Root: No suspicions Aussies tampered in Ashes
ENGLAND captain Joe Root has hosed down the idea he harboured suspicions Australia were ball tampering in the Ashes.
Bowler Stuart Broad didn't make any allegations against Australia, but recent cryptic comments about the hosts' reverse-swing in the five-Test series have ignited a torrent of speculation.
Root adopted a more diplomatic approach after his side's day-night Test in Auckland, which England lost heavily.
"Not to my knowledge. I personally wasn't aware of anything going on throughout that series," Root said.
Broad suggested Australia "reverse swung the ball in nearly all of those matches, sometimes in conditions where you wouldn't expect the ball to reverse".
The stain resulting from the cheating scandal in Cape Town will stay with Australia for some time, even if Steve Smith is sacked as skipper.
Smith insisted in his confessional press conference that "you can ask questions as much as you like, but I can promise you this is the first time it's happened".
The captain was referring to Cameron Bancroft's ineffective attempt to scuff the ball with sticky tape, a ploy that Smith rubber stamped at lunch on day three of the third Test against South Africa.
The team's conduct in previous Tests under Smith, especially a recent 4-0 success at home against England, is now the subject of immense speculation and scrutiny.
Footage being widely circulated on social media of Bancroft putting something in his pocket in the SCG rooms is a prime example.
It was not sugar, as has been suggested, but rather chewing gum.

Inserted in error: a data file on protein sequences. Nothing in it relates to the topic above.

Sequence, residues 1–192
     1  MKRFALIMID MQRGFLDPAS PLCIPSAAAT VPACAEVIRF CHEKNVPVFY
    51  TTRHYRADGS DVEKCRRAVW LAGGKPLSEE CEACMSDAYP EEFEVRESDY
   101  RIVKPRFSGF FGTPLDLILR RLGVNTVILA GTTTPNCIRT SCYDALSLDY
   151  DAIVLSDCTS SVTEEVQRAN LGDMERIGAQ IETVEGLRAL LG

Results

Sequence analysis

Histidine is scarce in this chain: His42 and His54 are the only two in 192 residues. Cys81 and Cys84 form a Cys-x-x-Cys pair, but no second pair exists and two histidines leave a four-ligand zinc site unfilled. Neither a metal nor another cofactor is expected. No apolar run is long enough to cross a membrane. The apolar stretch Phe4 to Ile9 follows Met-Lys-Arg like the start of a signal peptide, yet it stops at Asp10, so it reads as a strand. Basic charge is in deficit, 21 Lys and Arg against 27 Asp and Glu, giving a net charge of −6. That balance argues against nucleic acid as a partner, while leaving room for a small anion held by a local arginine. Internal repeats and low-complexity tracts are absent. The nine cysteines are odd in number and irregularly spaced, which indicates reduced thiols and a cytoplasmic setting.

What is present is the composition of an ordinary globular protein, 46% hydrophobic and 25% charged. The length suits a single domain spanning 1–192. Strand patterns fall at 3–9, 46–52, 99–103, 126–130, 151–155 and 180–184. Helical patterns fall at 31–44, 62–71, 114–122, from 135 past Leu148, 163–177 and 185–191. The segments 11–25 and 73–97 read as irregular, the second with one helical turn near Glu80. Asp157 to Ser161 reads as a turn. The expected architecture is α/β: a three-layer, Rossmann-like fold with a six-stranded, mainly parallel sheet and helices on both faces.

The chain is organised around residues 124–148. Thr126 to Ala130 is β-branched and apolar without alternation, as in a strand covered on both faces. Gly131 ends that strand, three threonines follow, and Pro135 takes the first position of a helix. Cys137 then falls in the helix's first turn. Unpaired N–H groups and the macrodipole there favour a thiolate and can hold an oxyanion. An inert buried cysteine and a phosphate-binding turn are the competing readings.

A gastro bug floored Smith and teammates during the previous Test in Melbourne. Players were under strict instructions to exercise hygiene precautions, such as using a spoon rather than their hands to take gum from the communal bowl.
David Warner was also in charge of working on the ball in that game, rather than Bancroft.
But Smith and Warner's incredible error in judgment at Newlands has created a stigma that will prove hard to shake, some pundits may find it hard to offer the same presumption of innocence they normally would.
Footage of Pat Cummins accidentally standing on the ball during the third Test, a gaffe that triggered laughter and little else from umpires, is once again being replayed on TV news bulletins in South Africa.
Mitchell Starc's unplayable reverse-swinging yorkers previously created awe around the world, now some past and present players will undoubtedly cock an eyebrow when Australia start to get the old ball hooping.
That is despite the fact many Test teams, especially Australia and South Africa in the current series, have achieved remarkably early reverse-swing in recent years.
"It (reverse-swing) has been around for a long time, even when we've been to England years ago. A lot depends on the wicket," Proteas veteran Hashim Amla said earlier this month.